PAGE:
On 14 February, the University’s feminist society will be hosting One Billion Rising Revolution as will several other universities in the United Kingdom. One Billion Rising Revolution stems from the yearly V-Day campaign to end violence against women. The campaign was originally launched on Valentine’s Day in 1998. Responding to the horrifying statistic that one in three women on the planet will be beaten or raped during her lifetime, the event seeks to raise awareness for the injustices occurring against women, as well as to promote an end to these type of crimes. Past events have focused largely on justice for survivors of domestic violence, particularly highlighting the impunity that often occurs “at the intersection of poverty, racism, war, the plunder of the environment, capitalism, imperialism and patriarchy.” The theme for last year’s campaign, “revolution,” echoes past events, while simultaneously calling for an escalated response to injustices.[pullquote]One in three women on the planet will be beaten or raped during her lifetime[/pullquote]
This year’s event is a continuation of last year’s, extending its perimeters to focus particularly on marginalised women. With activists hosting V-Day in over two hundred different countries this year, women from all over the world will be calling for a change to the current paradigm. According to the One Billion Rising campaign, they will be “demanding accountability, justice and systematic change.”
This year’s St Andrews event will include multiple talks and workshops, all aimed at raising awareness of domestic violence. The event will also include information on how to support rape-survivors. In the past, the St Andrews feminist society has organised a multitude of successful events and V-Day is predicted to be no exception to this trend. Collaborating with a string of female-oriented charities, such as Amina (The Muslim Woman’s Resource Centre), Broken Rainbow, Rape Crises Scotland, and the White Ribbon campaign. The event will provide an intersectional focus: the variety of representatives present will provide an incredible range of different positions on the subject, encompassing perspectives from the LGBT community, the UK’s Islamic community, as well from predominantly male charities.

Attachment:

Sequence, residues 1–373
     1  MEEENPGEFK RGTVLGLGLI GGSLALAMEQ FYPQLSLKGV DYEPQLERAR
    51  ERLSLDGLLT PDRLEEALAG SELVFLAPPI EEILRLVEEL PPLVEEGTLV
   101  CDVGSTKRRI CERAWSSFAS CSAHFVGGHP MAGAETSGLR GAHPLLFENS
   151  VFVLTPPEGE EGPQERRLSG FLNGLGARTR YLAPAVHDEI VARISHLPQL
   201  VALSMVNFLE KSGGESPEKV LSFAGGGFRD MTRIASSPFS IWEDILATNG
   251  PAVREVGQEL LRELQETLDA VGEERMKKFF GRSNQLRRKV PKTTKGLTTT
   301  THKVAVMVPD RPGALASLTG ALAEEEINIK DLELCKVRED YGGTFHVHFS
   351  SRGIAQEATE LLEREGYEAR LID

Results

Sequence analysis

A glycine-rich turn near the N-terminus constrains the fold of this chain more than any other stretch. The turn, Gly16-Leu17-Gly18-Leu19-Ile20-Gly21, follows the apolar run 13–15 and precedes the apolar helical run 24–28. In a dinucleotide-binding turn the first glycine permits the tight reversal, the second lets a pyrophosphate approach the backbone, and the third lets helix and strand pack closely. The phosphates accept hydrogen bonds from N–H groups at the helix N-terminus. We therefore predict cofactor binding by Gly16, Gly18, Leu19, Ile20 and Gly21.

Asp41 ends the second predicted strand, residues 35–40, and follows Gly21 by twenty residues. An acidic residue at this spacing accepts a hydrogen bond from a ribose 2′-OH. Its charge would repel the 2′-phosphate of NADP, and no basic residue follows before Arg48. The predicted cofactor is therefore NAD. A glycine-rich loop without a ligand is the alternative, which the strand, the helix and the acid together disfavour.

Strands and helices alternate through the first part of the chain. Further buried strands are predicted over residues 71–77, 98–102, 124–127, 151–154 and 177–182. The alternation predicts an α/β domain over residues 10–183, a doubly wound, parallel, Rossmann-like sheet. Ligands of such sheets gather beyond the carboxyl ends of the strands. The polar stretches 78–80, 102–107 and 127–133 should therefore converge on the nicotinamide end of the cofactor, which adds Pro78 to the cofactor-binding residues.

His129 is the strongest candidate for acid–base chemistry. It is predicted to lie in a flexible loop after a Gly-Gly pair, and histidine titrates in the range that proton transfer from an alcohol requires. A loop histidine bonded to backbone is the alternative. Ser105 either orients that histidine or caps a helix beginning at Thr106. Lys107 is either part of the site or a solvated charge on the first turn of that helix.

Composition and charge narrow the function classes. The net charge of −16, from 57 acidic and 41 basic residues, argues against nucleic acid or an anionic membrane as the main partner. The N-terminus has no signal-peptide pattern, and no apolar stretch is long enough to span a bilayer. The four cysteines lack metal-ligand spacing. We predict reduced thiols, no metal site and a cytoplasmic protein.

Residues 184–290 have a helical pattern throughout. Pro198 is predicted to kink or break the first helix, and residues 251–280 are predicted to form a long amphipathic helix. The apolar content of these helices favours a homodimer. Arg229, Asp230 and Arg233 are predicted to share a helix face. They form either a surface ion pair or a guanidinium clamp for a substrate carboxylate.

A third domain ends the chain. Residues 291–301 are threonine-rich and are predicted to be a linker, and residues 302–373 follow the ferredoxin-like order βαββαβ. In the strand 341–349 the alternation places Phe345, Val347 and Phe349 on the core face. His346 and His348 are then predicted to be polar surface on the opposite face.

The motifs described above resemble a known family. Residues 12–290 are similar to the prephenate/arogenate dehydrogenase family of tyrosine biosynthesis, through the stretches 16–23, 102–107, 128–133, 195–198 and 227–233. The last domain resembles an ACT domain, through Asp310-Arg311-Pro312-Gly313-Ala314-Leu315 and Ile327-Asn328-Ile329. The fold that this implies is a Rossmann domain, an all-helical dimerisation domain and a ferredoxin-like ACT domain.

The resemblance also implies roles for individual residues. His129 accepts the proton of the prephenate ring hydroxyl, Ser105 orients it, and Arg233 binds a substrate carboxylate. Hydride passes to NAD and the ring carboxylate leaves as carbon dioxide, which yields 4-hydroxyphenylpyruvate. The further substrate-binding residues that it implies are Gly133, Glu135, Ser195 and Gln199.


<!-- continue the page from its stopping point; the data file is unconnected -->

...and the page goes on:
The event will be taking place in conjunction with a performance of The Vagina Monologues. With this production exploring feminine experiences “from the damn-right hilarious, to truly moving and shocking” this year’s Valentine’s Day will encompass a manifold of female-oriented events. The play’s focus on non-consensual sexual encounters echoes sentiments associated with the V-Day campaign. Regarded as a cornerstone of the V- Day movement, universities all around the world will be staging similar pro- ductions of the The Vagina Monologues this month. All proceeds from ticket sales will be donated to charity.
Ultimately, this event demonstrates the University community’s dedication to the promotion of women’s rights, reiterating the sentiments expressed by the numerous student-run organisations. By exhibiting such a diverse range of perspectives on the matter of violence against women, V-Day will certainly be a feat for both the feminist society, as well as for the St Andrews community itself.